FIG. 12 shows a cross-section of the embodiment of FIG. 11.
The present invention is directed to a method and apparatus for improving the resolution of a gel electrophoresis system. As used in the specification and claims hereof, the term "resolution" is defined as the distance between the centers of two adjacent bands being separated divided by the width of the bands. In the context of nucleic acid sequencing, improvement of resolution allows determination of more bases pairs in a single experimental run, and can be traded off to shorten separation times, both of which increase instrument throughput and thus lower the cost of analysis.
In accordance with the invention, improved resolution is achieved by controlling the injection width through the use of a set of focusing electrodes disposed at the injection point. Thus, in the method of the invention electrophoresis is performed in two steps, a first step in which the sample is focused using the focusing electrodes into a first incrementally narrow portion of the gel, and a second step in which the focused sample is caused to migrate through the gel to form separate detectable bands.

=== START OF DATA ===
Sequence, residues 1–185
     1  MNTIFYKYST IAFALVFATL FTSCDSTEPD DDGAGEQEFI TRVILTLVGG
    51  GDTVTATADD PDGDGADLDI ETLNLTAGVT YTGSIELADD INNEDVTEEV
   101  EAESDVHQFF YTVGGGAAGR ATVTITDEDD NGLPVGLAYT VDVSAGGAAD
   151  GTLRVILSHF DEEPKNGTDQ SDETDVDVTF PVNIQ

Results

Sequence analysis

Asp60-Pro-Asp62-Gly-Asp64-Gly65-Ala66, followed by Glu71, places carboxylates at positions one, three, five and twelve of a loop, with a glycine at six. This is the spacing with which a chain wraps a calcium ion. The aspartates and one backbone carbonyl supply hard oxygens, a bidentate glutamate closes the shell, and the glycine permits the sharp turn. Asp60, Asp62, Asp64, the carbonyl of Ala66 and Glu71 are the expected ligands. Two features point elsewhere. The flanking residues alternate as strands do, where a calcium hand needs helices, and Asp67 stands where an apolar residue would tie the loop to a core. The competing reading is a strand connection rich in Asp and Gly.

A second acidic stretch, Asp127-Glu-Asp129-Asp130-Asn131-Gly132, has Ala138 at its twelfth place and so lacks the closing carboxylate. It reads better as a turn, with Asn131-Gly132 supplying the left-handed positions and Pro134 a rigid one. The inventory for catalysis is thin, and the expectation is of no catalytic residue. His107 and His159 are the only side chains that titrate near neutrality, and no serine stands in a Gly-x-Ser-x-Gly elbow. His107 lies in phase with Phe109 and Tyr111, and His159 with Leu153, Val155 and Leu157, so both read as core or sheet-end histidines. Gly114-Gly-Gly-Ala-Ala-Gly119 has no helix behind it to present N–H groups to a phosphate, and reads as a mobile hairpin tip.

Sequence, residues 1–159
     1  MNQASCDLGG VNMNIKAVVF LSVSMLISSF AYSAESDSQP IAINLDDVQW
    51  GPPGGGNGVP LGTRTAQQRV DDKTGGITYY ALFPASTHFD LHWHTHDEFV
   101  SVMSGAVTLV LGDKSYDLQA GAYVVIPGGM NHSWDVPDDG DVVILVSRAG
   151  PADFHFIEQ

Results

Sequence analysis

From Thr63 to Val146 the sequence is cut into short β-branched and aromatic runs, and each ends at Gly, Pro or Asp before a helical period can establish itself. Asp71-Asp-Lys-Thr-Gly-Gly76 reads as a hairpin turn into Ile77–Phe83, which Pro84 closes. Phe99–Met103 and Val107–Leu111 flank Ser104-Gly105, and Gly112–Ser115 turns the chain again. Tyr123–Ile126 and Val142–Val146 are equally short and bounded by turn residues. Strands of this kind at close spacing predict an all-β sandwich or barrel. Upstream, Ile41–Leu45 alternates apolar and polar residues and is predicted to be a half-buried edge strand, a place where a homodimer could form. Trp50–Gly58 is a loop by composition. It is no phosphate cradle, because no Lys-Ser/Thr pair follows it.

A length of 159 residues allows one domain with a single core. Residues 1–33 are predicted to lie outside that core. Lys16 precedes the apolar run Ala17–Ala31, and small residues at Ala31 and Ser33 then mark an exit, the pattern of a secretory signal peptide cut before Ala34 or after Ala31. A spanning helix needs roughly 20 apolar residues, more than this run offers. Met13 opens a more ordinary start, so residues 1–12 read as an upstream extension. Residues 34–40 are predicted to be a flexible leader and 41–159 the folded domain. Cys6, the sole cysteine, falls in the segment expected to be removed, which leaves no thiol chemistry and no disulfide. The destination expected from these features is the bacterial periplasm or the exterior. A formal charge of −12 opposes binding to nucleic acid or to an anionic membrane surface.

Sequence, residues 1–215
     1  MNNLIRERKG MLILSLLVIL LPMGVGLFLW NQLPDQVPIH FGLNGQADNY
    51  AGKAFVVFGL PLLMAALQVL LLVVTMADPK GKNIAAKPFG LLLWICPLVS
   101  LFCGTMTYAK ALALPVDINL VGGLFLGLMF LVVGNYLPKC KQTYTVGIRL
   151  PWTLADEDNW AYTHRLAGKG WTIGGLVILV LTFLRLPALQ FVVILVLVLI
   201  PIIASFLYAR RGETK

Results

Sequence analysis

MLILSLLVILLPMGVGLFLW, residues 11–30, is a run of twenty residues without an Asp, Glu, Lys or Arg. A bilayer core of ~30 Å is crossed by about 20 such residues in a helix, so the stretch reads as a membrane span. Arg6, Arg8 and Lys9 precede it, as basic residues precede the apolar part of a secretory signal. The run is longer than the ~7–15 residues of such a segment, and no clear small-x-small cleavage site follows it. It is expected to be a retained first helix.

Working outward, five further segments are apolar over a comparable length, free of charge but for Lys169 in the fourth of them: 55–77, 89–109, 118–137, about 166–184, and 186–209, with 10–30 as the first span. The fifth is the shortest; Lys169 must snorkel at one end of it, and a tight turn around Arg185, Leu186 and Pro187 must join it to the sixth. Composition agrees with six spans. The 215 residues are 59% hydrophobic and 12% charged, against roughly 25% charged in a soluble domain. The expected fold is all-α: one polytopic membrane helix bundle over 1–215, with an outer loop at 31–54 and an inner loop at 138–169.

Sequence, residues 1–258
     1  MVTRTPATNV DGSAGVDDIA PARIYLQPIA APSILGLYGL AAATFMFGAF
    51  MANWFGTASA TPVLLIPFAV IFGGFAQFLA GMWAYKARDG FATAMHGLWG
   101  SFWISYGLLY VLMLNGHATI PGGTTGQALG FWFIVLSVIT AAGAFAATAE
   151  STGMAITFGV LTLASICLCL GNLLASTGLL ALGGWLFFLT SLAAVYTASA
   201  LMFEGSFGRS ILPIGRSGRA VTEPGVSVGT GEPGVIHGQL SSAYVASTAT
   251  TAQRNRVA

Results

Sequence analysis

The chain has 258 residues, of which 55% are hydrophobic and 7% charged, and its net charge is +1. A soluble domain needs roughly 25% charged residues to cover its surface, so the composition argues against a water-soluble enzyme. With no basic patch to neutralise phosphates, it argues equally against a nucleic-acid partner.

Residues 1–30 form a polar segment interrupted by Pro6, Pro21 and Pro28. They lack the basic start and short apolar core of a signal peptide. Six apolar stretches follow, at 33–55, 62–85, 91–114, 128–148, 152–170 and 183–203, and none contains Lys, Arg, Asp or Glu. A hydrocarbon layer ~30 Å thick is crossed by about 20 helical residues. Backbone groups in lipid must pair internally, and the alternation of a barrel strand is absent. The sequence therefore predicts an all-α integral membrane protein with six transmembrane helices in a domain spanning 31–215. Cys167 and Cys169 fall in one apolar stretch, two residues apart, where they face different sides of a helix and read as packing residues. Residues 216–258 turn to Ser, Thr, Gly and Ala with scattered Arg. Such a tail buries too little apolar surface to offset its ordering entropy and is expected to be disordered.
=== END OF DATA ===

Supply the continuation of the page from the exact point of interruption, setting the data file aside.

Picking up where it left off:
The focusing of the sample prior to the main separation step is performed using a pair of electrodes which are positioned to cause migration of sample to a narrow region near the buffer/gel interface within the sample loading site of the gel. This actual location of this narrow region may be in the buffer or entirely within the gel near the loading site (i.e., within about 500 microns of the buffer/gel interface, depending on the location of the electrodes). Several variations of an apparatus in accordance with the invention which localize the sample for injection at these various sites are illustrated in the embodiments of the invention shown in the figures.